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Penn GSE AHEAD

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A $138,000 grant from the Access Group Center for Research and Policy Analysis has been awarded to Penn AHEAD to analyze the law school admissions market.

The 2016 AERA Annual Meeting included a variety of events showcasing the role of public scholars, education researchers and practitioners who work within increasingly diverse democracies in the United States and throughout the world. Penn AHEAD was honored to take part in this conference.

In this poll, we asked higher education leaders to share their views on what the presidential candidates and federal policymakers should know about improving college student success.

Penn AHEAD’s Laura Perna and Penn GSE’s Howard Stevenson, Vivian Gadsden, and Richard Ingersoll were among thirty-one education scholars who participated in the AERA Knowledge Forum that took place February 18-19, 2016 in Washington, DC.

Senior scholar Alan Ruby explains the need for stronger and more credible asssessment systems to help achieve development goals for equitable and inclusive education in his guest blog for The World Bank.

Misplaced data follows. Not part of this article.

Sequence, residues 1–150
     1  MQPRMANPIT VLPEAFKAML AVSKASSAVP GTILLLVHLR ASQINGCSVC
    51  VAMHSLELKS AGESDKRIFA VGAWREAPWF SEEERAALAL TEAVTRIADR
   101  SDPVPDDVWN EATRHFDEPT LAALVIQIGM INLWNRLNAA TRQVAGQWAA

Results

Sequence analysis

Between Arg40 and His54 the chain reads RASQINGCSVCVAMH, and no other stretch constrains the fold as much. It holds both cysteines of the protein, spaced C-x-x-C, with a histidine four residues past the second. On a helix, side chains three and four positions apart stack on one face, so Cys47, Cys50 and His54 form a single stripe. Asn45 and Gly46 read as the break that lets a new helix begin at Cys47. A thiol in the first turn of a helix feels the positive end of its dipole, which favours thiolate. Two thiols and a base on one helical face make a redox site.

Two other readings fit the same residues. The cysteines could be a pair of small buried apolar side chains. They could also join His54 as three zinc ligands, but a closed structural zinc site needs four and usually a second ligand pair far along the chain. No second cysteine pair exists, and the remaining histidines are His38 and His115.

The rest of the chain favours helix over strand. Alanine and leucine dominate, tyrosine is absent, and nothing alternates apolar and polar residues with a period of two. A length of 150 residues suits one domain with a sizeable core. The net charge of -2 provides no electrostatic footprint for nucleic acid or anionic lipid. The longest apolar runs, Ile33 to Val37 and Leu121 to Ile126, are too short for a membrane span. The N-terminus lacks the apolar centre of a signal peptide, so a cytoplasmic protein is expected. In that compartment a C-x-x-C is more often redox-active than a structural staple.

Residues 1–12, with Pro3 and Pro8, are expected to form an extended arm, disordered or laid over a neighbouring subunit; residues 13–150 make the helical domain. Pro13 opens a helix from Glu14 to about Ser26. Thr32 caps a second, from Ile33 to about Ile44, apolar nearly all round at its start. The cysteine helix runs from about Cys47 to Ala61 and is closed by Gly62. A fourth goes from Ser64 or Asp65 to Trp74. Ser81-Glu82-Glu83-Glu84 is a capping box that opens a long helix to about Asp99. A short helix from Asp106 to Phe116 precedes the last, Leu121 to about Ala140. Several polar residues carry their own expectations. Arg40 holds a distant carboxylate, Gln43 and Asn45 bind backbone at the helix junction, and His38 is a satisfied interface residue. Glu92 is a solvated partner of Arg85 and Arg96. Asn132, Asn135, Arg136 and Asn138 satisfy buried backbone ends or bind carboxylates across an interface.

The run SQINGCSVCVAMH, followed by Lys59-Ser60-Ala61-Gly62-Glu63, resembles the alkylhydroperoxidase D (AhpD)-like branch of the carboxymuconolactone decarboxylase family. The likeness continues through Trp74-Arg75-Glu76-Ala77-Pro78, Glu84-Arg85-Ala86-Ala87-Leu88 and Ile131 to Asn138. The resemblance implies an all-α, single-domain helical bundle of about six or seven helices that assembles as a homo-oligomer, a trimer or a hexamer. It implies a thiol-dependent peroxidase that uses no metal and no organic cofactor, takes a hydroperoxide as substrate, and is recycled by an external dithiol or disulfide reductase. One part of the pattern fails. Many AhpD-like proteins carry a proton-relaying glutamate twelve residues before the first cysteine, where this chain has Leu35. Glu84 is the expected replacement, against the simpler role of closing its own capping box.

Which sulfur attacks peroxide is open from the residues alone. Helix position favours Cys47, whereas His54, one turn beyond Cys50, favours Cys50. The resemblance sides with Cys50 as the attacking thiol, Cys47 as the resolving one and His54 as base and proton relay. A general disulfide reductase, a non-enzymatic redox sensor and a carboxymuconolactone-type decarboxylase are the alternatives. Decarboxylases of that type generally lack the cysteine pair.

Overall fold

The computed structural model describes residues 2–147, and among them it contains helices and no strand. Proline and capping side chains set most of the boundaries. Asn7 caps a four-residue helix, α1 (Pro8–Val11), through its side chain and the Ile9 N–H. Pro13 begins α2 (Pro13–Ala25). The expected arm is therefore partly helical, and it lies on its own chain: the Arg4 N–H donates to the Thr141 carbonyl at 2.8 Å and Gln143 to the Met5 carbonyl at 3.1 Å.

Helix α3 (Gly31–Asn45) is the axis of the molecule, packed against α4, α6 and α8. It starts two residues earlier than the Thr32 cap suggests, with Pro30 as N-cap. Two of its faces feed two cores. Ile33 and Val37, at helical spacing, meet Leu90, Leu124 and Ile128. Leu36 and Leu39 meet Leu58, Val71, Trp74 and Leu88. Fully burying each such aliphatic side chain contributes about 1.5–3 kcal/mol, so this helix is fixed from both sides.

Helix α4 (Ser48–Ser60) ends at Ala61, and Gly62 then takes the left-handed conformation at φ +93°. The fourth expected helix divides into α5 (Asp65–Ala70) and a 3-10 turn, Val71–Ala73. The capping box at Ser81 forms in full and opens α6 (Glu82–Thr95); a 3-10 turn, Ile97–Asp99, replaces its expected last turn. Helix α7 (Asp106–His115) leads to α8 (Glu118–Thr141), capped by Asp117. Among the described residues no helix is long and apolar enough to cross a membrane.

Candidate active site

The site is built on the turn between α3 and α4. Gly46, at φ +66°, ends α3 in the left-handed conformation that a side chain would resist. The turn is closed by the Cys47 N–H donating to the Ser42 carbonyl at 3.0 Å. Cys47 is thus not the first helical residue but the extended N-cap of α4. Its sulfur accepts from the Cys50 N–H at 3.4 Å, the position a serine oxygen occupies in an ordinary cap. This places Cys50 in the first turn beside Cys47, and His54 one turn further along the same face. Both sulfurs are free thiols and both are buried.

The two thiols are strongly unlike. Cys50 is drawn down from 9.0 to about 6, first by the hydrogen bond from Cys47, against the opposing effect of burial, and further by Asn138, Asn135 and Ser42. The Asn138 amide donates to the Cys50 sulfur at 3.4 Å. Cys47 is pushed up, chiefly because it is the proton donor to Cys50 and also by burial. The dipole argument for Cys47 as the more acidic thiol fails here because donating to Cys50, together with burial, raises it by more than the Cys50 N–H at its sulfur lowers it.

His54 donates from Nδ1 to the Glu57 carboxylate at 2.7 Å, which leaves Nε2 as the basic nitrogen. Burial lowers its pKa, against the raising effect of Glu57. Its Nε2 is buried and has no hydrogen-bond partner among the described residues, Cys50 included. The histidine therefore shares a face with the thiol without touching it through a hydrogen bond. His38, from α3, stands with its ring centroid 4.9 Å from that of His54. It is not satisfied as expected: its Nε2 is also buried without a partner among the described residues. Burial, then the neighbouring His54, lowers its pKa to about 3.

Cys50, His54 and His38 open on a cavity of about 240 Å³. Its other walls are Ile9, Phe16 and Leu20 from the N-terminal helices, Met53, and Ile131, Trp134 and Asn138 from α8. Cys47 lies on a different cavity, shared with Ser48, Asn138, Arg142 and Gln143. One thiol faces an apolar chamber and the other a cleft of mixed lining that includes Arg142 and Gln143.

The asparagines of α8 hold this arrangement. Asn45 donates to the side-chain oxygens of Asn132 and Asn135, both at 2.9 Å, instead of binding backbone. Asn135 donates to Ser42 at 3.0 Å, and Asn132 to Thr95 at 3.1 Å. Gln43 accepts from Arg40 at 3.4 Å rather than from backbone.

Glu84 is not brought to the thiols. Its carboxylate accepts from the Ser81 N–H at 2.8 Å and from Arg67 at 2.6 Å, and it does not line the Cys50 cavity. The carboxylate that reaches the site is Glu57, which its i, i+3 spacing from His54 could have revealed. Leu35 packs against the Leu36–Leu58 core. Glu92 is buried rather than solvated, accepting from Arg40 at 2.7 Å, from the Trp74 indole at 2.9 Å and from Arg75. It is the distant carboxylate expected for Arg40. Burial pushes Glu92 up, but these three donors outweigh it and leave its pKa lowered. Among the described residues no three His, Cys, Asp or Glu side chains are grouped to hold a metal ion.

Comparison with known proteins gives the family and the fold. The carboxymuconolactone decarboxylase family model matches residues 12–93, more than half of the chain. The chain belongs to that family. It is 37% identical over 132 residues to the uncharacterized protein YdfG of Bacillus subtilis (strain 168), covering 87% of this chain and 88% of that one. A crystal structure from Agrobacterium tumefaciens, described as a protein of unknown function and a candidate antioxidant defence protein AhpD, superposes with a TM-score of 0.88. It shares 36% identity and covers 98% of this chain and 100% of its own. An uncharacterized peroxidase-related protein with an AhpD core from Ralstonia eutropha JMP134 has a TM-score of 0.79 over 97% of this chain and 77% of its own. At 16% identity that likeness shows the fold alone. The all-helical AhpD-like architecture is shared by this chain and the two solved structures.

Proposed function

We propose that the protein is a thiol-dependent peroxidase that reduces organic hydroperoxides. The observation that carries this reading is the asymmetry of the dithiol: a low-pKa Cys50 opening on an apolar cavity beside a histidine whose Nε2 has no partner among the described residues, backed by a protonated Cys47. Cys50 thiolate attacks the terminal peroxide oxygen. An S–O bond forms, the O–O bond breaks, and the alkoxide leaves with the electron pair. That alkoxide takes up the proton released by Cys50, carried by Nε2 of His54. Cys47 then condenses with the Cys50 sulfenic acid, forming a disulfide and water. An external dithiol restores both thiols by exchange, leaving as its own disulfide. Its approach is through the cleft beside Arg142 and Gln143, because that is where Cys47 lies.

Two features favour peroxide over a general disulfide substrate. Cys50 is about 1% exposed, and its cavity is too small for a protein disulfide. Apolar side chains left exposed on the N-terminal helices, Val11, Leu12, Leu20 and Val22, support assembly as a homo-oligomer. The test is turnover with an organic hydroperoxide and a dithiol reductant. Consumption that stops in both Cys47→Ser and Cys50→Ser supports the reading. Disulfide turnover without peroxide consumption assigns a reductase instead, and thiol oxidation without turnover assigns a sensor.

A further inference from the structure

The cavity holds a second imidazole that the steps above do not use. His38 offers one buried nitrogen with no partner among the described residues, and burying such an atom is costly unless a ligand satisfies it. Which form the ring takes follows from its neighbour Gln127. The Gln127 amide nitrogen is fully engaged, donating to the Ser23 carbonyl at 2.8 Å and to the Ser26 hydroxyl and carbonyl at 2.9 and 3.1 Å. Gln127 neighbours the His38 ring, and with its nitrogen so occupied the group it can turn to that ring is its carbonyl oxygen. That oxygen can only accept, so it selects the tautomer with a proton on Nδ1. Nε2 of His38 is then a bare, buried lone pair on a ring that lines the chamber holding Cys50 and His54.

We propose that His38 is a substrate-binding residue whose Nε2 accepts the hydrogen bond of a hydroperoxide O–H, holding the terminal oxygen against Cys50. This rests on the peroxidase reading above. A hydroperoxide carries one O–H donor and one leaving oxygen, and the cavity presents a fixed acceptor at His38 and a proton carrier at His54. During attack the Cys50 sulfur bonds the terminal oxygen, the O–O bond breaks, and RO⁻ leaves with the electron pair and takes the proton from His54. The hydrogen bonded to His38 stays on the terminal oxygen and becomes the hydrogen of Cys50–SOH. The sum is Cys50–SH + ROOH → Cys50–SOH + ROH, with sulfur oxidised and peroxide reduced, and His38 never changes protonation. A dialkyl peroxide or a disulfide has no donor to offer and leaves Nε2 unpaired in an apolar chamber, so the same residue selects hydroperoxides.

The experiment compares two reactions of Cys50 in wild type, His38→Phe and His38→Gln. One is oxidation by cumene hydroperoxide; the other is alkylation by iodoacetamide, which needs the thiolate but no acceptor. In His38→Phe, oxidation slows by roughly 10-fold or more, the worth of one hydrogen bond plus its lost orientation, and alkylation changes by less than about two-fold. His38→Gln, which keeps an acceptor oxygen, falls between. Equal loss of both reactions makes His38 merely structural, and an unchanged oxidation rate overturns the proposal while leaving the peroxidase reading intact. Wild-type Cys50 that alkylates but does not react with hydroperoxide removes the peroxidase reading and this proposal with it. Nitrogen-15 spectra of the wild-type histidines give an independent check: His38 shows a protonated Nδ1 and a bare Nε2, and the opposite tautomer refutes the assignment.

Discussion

In her new report in conjunction with the Lumina Foundation, PennAHEAD Executive Director Laura Perna identifies ways to improve connections between academic research and policy­makers. 

Senior Scholar Peter Eckel and Cathy Trower, President of Trower & Trower, Inc. explain why they think boards are not adding the value that is crutial to institutional success when colleges and universities need them the most.

Sexual violence is a common topic of discussion among higher education leaders. In this poll, we asked higher education leaders to share their perceptions about sexual violence on campus.  

Penn AHEAD Senior Scholar Peter Eckel and Cathy Trower, President of Trower & Trower, Inc., offer specific steps that boards should heed when considering issues of campus diversity and equity.

In last week’s presidential address, I offered 10 actions that members of the Association for the Study of Higher Education (ASHE) can take to ensure that higher education research continues to matter. I am delighted that I achieved one of my primary goals: to stimulate conversation about how we – as higher education researchers – are addressing important issues that face higher education.

One of my recommendations, in particular, has provoked welcome discussion.

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